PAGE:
A home that receives no blessing

Shasha camp for internally displaced people in eastern Congo                 

On the shore of Lake Kivu in eastern Congo, it is difficult to miss the blue tarps that cover many of the small temporary huts in the Shasha camp for internally displaced persons (IDPs). The tarps are new one-year tarps that MCC has given the 198 families who have called this camp home for the last six years.

Eastern Congo is unstable, perhaps because the government lacks both the will and capacity to control the dozens of armed groups, both Rwandan and Congolese, that have roamed the countryside since the genocide in neighboring Rwanda 20 years ago this month. There are millions of Congolese internally displaced in eastern Congo. A smaller number of Rwandese are also refugees here.

The Shasha camp is much smaller than the other IDP camps nearby. The camp is populated by the Batwa, a Pygmy group, who once lived in the hills about a 15-hour walk from here before they were routed from their homes by one of the armed groups. They have chosen to camp here, rather than in one of the larger camps, because they are regularly discriminated against by other IDPs.  

This is the kind of group MCC works with, MCC service worker Michael Sharp tells me, because MCC is a smaller organization and can see what larger agencies sometimes overlook. We meet with the elders in this camp who thank MCC for providing the tarps and some food and for helping to send their children to school. You are the only ones who have helped us, they tell us.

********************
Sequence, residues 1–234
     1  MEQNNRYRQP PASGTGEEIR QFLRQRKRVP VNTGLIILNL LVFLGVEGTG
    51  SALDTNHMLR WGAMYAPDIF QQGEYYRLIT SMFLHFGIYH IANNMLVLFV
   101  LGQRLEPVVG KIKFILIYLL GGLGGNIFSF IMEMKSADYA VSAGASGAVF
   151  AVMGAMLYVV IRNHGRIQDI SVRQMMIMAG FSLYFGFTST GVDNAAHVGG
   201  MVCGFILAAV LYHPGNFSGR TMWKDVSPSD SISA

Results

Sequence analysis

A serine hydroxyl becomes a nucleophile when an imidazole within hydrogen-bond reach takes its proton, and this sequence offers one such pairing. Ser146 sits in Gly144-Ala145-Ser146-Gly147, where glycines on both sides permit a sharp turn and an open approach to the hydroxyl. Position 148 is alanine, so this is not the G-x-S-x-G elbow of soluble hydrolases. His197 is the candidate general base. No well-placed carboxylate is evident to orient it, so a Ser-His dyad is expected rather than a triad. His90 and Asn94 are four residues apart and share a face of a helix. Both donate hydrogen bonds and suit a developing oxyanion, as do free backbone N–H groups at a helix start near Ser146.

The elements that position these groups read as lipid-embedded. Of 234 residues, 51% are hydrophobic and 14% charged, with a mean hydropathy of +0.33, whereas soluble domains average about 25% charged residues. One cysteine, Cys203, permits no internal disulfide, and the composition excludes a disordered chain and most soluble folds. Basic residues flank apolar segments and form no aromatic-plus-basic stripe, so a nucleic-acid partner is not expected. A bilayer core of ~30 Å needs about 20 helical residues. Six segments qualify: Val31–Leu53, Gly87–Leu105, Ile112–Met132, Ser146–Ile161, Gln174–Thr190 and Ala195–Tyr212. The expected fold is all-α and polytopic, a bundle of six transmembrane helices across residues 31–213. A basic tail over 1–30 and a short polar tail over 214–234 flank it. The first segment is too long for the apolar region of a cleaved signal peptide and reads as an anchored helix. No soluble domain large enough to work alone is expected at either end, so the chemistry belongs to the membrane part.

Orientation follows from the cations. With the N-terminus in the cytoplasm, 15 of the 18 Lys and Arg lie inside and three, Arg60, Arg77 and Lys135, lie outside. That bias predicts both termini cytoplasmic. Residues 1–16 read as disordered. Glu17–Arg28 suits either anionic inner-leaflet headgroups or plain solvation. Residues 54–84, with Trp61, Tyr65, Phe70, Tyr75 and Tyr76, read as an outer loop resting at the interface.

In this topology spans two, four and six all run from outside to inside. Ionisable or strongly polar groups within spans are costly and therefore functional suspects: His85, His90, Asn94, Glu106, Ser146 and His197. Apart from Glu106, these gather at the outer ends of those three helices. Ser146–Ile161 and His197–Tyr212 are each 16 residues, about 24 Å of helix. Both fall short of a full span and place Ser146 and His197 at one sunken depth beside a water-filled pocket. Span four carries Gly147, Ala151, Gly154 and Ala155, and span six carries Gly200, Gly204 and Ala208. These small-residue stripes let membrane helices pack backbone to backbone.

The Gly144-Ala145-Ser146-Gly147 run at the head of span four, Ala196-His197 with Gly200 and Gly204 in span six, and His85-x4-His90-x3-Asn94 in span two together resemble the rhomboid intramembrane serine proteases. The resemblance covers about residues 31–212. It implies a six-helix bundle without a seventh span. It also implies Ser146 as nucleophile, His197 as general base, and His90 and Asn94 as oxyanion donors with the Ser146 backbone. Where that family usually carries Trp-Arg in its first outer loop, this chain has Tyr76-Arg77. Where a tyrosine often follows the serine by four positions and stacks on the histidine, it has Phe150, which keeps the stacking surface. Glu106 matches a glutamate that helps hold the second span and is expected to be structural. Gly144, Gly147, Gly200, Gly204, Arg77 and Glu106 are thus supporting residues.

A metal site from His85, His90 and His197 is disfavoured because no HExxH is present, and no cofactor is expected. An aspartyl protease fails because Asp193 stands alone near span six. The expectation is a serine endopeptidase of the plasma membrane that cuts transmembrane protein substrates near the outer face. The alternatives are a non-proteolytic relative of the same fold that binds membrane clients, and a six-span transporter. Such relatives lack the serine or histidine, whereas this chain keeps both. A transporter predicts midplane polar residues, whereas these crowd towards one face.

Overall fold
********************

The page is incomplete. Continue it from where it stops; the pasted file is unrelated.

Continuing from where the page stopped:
The men and women we meet in the camp hope that they can one day return to their land, but they know, for the present, the armed groups are still there. Land ownership issues further complicate the picture. Some of their community members felt forced into joining the armed groups to protect the land that was sold out from under them.

The camp elders thank us as we leave, for caring enough to come and see. A home that receives no visitors, receives no blessing, one of the elder tells us. By being with the Batwa community, we are sure we have received a blessing this day. 

Ron Byler is executive Director for Mennonite Central Committee U.S. He was in eastern Congo in late April 2014


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